The cold open was a Trumper, with Alec Baldwin doing . . . what he does. Still, there were some perks. Kenan’s Steve Harvey—subbing in for Howie Mandel in a Deal Or No Deal sketch about the negotiations for Trump’s billions-dollar wall boondoggle—is always a treat. And at least the game show setting is set up by Harvey’s admission that a “game show with women holding briefcases” was really the only way to get The Apprentice star’s full attention. Kate McKinnon broke out her newly empowered, gleefully cocky Nancy Pelosi to the impression’s best effect yet, slipping faux-innocent smirks to the audience after claiming not to be drunk on her own power or anything. Alex Moffat’s avuncular pushover of a Chuck Schumer is corrected when his briefcase offer is first revealed as “whatever you want,” with Speaker Pelosi telling her overly pliable colleague “We’re not doing that any more.” As Kenan’s Havey (and Jost on Update) points out, Trump’s $5.7 billion for vague promises about maybe, temporarily not deporting the DREAMers sounds more like a racist lunatic’s ransom demand than a good-faith negotiation, so there’s a real-world catharsis to the sketch, in that it posits a world where a strong, canny Democrat is finally going to stand up to Trump’s bullying bullshit. After that, it’s more disposable, although Leslie’s Maxine Waters shutting down Trump’s “low-IQ” insults by noting that she can subpoena Trump’s tax returns any time she wants got a quick turnaround in Baldwin’s demeanor. And any time SNL wants to take an otherwise unmotivated poke at outed longtime white supremacist Steve King (whose offer for the wall just reads “whites”) is a-okay with me. As ever, these cold opens are hung on a limp impression, (plus “hamberders”) but the key may be, as here, to surround it with better ones.

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I am hip to the musics of today

Greta Van Fleet has made it clear that they would like people to stop comparing their Led Zeppelin pastiche shtick to Led Zeppelin, so here goes. Greta Van Fleet sounds like the band Almost Famous’ William Miller went on to idolize after Stillwater. Greta Van Fleet’s amiably tuneful classic rock throwback shtick is enjoyably disposable, even if I can’t imagine listening to an entire album of it. From fellow A.V. Clubber Emily L. Stephens: “like if a bunch of cartoon characters formed a Rush cover band.” And, agreeing with Colin Jost on Update, the name Super Blood Wolf Moon would be a much more apt name.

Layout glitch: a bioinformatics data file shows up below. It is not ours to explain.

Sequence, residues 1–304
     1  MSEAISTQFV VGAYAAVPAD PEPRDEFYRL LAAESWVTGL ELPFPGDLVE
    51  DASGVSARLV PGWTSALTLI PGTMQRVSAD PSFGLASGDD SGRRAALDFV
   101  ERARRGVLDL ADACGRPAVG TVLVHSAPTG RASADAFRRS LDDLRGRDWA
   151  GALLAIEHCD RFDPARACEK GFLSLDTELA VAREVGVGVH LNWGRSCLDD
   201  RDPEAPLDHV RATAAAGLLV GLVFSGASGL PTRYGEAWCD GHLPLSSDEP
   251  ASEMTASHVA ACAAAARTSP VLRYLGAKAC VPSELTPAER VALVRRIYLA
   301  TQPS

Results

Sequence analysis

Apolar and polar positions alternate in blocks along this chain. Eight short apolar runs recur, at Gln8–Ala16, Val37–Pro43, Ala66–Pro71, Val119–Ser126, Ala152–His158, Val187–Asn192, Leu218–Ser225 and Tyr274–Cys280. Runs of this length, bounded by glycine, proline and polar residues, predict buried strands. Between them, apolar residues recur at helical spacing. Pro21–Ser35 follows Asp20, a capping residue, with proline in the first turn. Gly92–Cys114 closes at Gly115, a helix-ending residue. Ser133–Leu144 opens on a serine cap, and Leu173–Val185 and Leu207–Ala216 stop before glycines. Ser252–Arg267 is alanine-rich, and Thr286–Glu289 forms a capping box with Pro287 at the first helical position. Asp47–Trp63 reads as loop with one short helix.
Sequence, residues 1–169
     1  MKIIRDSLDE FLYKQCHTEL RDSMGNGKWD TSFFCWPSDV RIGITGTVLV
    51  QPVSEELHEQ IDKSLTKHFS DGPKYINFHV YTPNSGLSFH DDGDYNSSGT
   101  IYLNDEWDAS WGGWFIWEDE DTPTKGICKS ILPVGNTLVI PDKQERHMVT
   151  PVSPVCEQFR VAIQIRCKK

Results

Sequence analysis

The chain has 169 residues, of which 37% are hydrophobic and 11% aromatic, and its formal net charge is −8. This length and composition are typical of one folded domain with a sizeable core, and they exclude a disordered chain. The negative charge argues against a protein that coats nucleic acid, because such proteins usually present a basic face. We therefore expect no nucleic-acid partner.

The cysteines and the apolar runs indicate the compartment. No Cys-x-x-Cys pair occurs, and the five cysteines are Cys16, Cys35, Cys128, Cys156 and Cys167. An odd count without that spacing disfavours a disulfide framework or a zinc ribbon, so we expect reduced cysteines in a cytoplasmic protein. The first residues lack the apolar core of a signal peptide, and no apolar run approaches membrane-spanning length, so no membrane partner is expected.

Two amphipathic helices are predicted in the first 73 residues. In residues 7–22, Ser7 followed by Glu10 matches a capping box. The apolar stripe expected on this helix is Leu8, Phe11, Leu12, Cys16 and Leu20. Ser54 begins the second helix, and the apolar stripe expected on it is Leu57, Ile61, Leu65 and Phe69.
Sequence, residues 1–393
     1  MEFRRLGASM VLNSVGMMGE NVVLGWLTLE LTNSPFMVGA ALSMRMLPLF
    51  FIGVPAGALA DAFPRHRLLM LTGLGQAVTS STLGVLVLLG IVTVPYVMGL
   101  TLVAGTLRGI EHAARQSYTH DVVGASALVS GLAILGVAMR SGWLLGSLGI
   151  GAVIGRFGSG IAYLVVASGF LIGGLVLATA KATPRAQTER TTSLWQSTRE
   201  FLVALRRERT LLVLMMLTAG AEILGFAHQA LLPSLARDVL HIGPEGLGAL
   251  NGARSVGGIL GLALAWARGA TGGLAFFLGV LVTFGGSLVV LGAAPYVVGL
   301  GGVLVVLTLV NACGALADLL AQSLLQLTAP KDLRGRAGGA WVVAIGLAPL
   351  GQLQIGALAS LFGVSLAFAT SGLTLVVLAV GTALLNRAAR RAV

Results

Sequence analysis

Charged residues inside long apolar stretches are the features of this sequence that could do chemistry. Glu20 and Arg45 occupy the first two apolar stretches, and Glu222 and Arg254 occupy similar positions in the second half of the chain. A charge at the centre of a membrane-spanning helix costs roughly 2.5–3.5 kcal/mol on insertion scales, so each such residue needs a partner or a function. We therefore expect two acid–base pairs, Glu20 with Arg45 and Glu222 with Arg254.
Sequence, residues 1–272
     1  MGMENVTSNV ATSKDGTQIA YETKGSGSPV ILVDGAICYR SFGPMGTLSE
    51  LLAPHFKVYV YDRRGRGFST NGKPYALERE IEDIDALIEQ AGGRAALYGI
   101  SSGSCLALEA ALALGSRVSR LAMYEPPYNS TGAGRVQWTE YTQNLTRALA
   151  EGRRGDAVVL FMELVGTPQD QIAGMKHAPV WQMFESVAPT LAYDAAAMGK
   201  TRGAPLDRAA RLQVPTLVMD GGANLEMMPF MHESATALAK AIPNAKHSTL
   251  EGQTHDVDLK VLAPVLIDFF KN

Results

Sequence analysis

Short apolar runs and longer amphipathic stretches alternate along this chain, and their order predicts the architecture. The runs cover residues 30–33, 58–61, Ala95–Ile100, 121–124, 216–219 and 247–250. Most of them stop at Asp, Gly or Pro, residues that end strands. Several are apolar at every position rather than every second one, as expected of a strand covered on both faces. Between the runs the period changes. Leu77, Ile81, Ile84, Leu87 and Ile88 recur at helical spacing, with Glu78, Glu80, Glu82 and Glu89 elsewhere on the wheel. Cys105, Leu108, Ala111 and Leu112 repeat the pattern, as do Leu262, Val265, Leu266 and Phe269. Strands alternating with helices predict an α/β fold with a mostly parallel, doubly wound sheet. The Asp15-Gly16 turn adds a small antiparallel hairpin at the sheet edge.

Most/Least Valuable (Not Ready For Prime Time) Player

We’re gonna miss Kenan when he’s gone, but Kate McKinnon had two big turns as major female politicians that will get all the press on the Sunday talk shows.

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Melissa Villaseñor’s mimicry talents continues to be underused, but she’s got an Alexandra Ocasio-Cortez in her pocket, so that’s a good sign for her.

The new kid struggles of Ego Nwodim continue. I am not sure we needed a Cardi B appearance to end the cold open, but at least Ego got a line. (Here’s her getting to be funny on the latest Comedy Bang! Bang!, at least.)


“What the hell is that thing?”—The Ten-To-Oneland Report

The returning Ken and Barbie sketch was Brosnahan’s best showcase (just under the wire), as her ultra-serious focus group member’s pitches for the Mattel dolly’s Instagram feed got committedly dark and weird. Kenan and Cecily’s execs were expertly and understandably flustered, both by Brosnahan’s narrative about just what Barbie is hiding under that jacuzzi, and other panelists Pete Davidson and Heidi Gardner’s clueless (and nicely odd) tangents. (Racoons, wallets.) What was under that jacuzzi?

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Stray observations

  • McKinnon’s Warren comares her style to that of “Monday Night Raw hosted by NPR’s Terry Gross.”
  • Kenan’s Steve Harvey, shaking his head at Trump’ sexism, “On the day of the Women’s March . . .”
  • Harvey, after an ad showing an old woman floating in a beach toy far out at sea, “The Coast Guard’ll be back soon—hang in there, Beth!”
  • Technically, this episode was a mess, with the wrong chyron for Aidy’s singer in the Millennials sketch and a glitch followed by about 30 seconds of dead air in the Mrs. Maisel filmed piece.
  • Brosnahan’s contestant gripes about not having health insurance because she’s kept on at Google as a freelancer. (I would like to take this freelancer’s opportunity to congratulate my—salaried—colleagues at the A.V. Club for their successful recent unionization and state for the record that the A.V. Club is not Google.)
  • McKinnon’s Warren on her DNA testing debacle: “I did the DNA test, and the test came back ‘100 percent bad idea.’”
  • “Look, America, you will do anything you possibly can to not vote for a woman for president. All I am asking is that you let me be that woman.”
  • Andy Garcia was once rude to John Mulaney at a Lakers game.
  • Next week: James McEvoy makes his hosting debut, with musical guest Meek Mill. And, yes, I will be working overnight on my birthday. Please send medals to the A.V. Club offices.